I think in the beginning as young little bastards it was actually a separate goal to make people and critics either hate it or love it but mostly hate it. I remember clearly thinking that most people at least in Finland would either laugh or just get a blank “wtf” face. Downside is that want it or not, everything comes out as a joke as the metal scene tends to be somewhat serious, even if the actual songs are pretty serious and a lot of effort is put in ‘em. We knew that ‘Peek-a-boo Primates’ would make a pretty big gap between those who dig it and those who absolutely don’t, but it’s fine. The thing I don’t get is for instance one review from some metal media dude who probably was the kind of old school Airborne fan or something who smashed the album in the review and kept going on things like what kind of shirt I was wearing in the promo pictures (it was the while sleepless Karl Kani while I was hitting Riku in the face promo picture). So in the end the dude didn’t like the shirt and there he was making a review of a music album. But I guess you get what you order later on I did kinda took the feedback and decided not to complicate our career just for no reason and so we took a new name etc. Even clothing style went back to black so that those who actually like the music but are ashamed to admit it can now take a second round and maybe feel comfortable enough to give us some support.

Personally think Your music is a work of genius who just don’t give a fuck about those borderlines drawn by narrow minded people who believe music is supposed to be straightforward with absolutely nothing fancy… Where do You get all the ideas and influences to Your music since You surely do things Your own way… A well planned decision not just to please everyone, but more like shock everyone ?

Seen as a band for a marginal crowd but I think it’s possible sooner or later. Don’t get me wrong it’s not like I go overboard and do something that for example For The Imperium did, a band I like very much, even now with the new material but still I kinda think the new stuff could have been under totally different project name. But I respect their decisions and know very well when you are unease inside as an artist and just wanna follow “the call” no matter what.Well thank you! Maybe not a genius but certainly something worth checking out. Firstly I guess I grew up in surroundings where lots of different music was available and also consumed. My dad had loads of jazz records like Billy Cobham, Arild Andersen, Trio Töykeät, Bill Evans, Keith Jarrett and he also played the drums in some jazz and other groups. Mom played the flute and Sis and I learned the piano when we were about 6 years of age playing baroque and other classical stuff. Later on her favorite was Michael Jackson and I progressed into Duran Duran, Raptori, Cypress Hill, etc. before the heavy age broke loose starting with WASP, KISS, Iron Maiden, AC/DC, GnR, Nirvana and Metallica. This was also when I took on the guitar. First the classical nylon string version completing 3/3 basic courses at Tampere Konservatorio but soon switched to the electric version. Was pretty much the whole nine yards of metal with Slayer, Sepultura, Deicide, Cannibal Corpse, Machine Head, Meshuggah, Göteborg-metal like At The Gates, black metal like Immortal and Emperor and the progressive Schuldiner’s Death as one of the greatest influences of all time. Couple curiosities like Sadus and maybe Dan Svanö. Then the progressive era really came with the likes of Dream Theater, Tool, Allan Holdsworth, Fates Warning and Symphony X and of course grunge took a hold on with Pearl Jam, SoundGarden (rip Cornell) and Nirvana continuing to punk like Millencolin, NOFX, Bad Religion and many more. This point I guess I took a liking toward more groovy stuff like Primus, Living Color continuing to Trip Hop, dub and reggae like the Cinematic Orchestra, Portishead, Massive Attack, DJ Shadow and other down tempo acts mixing DJing and jazz influences to more of a pop rock like the early Coldplay, Radiohead etc. Come to think of it we even made couple EDM tracks with Hannu during the years just for fun but I was and still am huge Prodigy fan and appreciate other electronic stuff as well like Apex Twin, Daft Punk, Depeche Mode and dubstep like Datsik, Nero and Skrillex. And of course I’ve always digged rap big time starting from Cypress Hill, Busta Rhymes, Eminem, Old Dirty Bastard and Beastie Boys. That stuff has stayed with me ever since and definitely the influence can be heard.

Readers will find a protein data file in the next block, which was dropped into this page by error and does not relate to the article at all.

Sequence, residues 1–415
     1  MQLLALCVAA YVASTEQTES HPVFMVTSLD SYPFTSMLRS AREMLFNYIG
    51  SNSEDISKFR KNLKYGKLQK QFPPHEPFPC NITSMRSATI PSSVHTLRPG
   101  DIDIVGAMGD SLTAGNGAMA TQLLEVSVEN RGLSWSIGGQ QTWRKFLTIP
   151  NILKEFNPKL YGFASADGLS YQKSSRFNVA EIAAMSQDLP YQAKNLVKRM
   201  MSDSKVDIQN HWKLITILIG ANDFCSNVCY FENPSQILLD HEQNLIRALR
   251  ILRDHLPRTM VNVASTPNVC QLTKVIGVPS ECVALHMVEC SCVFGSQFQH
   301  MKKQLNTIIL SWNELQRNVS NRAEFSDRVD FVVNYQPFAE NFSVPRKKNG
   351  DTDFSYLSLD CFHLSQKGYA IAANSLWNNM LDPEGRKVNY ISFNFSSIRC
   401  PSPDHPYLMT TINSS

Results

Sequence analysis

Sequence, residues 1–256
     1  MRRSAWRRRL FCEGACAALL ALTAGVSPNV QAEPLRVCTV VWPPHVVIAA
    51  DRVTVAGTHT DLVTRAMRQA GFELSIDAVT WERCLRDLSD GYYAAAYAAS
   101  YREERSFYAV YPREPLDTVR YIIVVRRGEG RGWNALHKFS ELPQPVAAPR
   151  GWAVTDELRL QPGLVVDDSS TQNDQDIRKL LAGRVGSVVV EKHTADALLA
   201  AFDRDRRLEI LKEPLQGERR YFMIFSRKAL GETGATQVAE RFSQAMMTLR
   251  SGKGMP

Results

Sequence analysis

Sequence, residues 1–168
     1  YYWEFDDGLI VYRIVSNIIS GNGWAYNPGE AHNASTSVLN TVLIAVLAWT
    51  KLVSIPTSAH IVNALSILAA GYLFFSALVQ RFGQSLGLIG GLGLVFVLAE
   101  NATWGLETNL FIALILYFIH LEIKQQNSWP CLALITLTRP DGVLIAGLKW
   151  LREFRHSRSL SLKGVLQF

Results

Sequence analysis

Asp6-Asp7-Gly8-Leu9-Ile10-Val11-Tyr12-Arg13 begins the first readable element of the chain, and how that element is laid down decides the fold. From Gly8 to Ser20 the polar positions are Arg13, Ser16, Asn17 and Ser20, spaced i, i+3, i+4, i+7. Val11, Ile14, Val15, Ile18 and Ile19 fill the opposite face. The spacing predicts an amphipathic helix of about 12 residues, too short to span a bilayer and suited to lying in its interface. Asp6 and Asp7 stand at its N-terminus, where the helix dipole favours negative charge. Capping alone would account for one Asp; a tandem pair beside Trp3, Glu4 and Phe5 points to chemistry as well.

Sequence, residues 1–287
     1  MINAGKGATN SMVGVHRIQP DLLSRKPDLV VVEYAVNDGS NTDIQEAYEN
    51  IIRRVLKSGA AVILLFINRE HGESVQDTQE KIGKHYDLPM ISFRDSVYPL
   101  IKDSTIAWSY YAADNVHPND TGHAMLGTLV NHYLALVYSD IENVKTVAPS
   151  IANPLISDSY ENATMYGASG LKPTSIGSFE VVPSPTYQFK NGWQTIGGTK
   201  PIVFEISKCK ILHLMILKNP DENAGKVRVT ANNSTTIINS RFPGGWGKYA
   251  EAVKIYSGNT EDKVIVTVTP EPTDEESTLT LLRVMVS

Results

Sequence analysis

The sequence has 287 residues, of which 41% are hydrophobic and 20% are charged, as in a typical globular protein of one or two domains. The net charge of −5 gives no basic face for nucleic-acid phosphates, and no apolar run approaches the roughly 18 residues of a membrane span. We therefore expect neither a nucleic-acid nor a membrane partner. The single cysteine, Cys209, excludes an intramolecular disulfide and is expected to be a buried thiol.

It’s pretty much this “big mess” of various kinds of music that I just get interested perhaps due to my mood or just for now reason at all. I think that if you have any musicality in you then you pretty much will find the idea and red line in any kind of music and as you love music in general there is not that many genres or styles you wouldn’t listen, in other words I couldn’t imagine listening to one or two types of music for years on end, impossible. However I do state that the most basic rock, pop, metal or whatever with little or no soul and effort in it is not that important to me since it’s made for people who actually don’t care about music but still want to listen to something. Sadly this is true in many of the modern day pop tracks power played in the radio etc. To me music has to have passion and genuine feel and a reason behind it before it becomes real music. So while naturally been interested in various genres I therefore have been struggling to get it together in something that the band could make a name with.